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March 26, 2016
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1 Introduction
BRCA mutation



A BRCA mutation is a mutation in either of the genes BRCA1 and BRCA2. Hundreds of mutations have been identified, some of them cause increased risk of breast cancer, ovarian cancer and other cancers. Instead of a 12 percent lifetime risk of breast cancer, women with high risk BRCA1 or BRCA2 gene mutations may have a risk of up to 60 percent risk of developing breast cancer. The risk of developing ovarian cancer is about 55% for women with high risk BRCA1 mutations and about 25% for women with high risk BRCA2 mutations. The normal population of women experiences ovarian cancer at a rate of 1.8%.

Both BRCA1 and BRCA2 are tumor suppressor genes The BRCA2 protein also binds to and regulates RAD51 to fix DNA breaks. Mutations in BRCA1 and/or BRCA2 cause decreased stability of the human genome and result in dangerous gene rearrangements that can lead to hematologic cancers.

Patients carrying heterozygous germline mutations in either the BRCA1 or BRCA2 genes demonstrate highly penetrant breast and ovarian cancer phenotypes. The tumors arising in these patients exhibit loss of heterozygosity (LOH) at the wildtype allele.

Women with a family history of breast and/or ovarian cancer are screened for mutations in their BRCA1 and BRCA2 genes. A number of investigation have been tried or are under investigation reduce cancer risk and improve survival rates.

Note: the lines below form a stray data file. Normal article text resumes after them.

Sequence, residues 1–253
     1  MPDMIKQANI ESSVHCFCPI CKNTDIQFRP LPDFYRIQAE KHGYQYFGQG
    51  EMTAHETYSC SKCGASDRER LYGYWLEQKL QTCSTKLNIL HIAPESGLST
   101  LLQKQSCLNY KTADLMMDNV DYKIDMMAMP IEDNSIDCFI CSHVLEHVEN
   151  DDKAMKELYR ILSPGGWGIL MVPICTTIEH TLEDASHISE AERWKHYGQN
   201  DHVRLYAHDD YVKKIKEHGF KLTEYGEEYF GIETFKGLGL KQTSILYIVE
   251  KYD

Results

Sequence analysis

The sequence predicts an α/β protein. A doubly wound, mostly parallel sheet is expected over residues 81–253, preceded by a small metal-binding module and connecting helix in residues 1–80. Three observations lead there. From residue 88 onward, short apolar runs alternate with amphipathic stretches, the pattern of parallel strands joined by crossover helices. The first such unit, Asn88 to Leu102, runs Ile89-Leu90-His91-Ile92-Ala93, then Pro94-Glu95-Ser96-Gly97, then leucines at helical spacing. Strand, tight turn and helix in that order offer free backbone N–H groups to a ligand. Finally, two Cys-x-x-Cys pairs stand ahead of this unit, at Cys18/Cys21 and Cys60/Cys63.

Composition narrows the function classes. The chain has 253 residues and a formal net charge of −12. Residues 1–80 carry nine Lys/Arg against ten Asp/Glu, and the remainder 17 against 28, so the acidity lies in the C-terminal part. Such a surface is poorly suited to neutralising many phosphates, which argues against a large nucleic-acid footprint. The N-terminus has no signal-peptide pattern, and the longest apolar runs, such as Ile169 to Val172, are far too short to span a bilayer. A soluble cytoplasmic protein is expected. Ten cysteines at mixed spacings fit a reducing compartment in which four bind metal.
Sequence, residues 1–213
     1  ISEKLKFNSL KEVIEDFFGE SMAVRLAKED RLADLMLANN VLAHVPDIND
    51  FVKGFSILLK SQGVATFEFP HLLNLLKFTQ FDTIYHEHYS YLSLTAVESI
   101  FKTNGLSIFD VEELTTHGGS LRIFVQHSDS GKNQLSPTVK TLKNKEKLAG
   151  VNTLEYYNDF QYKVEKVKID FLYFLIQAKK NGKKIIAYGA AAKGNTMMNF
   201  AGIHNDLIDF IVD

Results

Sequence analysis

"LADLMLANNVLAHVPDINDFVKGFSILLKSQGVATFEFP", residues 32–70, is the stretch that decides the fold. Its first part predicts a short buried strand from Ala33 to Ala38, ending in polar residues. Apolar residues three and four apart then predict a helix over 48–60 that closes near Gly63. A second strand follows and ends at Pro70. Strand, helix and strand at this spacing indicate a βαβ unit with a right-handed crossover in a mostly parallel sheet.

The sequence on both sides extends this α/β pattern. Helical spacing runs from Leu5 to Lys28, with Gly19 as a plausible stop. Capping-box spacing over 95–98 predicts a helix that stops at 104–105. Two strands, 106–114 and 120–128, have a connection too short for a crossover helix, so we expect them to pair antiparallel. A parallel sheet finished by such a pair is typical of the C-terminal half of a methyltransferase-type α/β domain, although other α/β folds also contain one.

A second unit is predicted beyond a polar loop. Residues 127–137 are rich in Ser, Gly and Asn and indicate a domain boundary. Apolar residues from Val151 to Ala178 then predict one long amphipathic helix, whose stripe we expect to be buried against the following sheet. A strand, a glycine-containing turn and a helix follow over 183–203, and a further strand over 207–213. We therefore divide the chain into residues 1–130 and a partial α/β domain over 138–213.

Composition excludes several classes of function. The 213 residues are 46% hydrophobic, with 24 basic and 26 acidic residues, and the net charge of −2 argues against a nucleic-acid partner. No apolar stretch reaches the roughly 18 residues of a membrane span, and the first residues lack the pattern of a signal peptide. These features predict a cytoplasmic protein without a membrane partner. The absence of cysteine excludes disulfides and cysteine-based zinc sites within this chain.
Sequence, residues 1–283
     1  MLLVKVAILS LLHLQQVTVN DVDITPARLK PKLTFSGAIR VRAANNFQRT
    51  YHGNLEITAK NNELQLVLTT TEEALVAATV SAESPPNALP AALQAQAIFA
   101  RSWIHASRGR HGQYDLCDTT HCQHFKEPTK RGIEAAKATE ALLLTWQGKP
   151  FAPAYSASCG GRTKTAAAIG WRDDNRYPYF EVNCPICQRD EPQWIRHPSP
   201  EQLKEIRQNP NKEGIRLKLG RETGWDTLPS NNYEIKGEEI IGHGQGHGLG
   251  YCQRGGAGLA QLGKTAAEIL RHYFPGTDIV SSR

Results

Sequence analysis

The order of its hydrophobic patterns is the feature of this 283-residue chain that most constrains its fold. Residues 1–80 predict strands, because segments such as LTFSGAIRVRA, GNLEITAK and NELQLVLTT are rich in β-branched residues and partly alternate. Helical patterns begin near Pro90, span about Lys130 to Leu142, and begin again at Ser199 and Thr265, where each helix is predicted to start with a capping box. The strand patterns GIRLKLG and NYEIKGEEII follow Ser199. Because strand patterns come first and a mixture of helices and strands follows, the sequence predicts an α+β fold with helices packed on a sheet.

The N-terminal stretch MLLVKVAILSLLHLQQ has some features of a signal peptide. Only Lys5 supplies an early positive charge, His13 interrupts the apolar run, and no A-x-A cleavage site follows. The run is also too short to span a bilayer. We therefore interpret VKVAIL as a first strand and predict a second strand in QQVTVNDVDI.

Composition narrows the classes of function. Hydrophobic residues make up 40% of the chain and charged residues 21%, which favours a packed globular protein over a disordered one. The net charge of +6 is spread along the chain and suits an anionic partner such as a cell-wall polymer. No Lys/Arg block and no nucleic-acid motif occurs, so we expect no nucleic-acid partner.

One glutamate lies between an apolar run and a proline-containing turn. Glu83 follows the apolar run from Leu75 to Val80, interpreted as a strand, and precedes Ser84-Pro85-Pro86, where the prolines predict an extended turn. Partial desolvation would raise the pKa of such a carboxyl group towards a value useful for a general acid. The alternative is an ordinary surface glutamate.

Prophylactic surgery

Depending on further circumstances prophylactic mastectomy and/or salpingo-oophorectomy may yield a substantial reduction of breast and ovarian cancer risk in BRCA1 and BRCA2 carriers..

For carriers of high risk BRCA1 mutations prophylactic oophorectomy around age 40 reduces the risk of ovarian and breast cancer and provides significant and substantial long term survival advantage. Earlier intervention does on average not provide any additional benefit but increases risks and adverse effects.

For carriers of high risk BRCA2 mutations oophorectomy around age 40 has only marginal effect on survival, the positive effect of reduced breast and ovarian cancer risk is nearly balanced by adverse effects. The survival advantage is more substantial when oophorectomy is performed together with prophylactic mastectomy.

The effect of preventive mastectomy on overall survival is very small when compared with intensive screening.

There is likely little or no effect of a BRCA gene mutation on fertility.

Several theories assert that BRCA mutations have evolutionary advantages, such as higher intelligence. The Ashkenazi intelligence theory was proposed by Gregory Cochran and asserts that a defect in the BRCA1 gene might unleash neural growth.

  • Medical genetics of Jewish people

This article is licensed under the GNU Free Documentation License. It uses material from the Wikipedia article "BRCA mutation".

Last Modified:   2010-11-25

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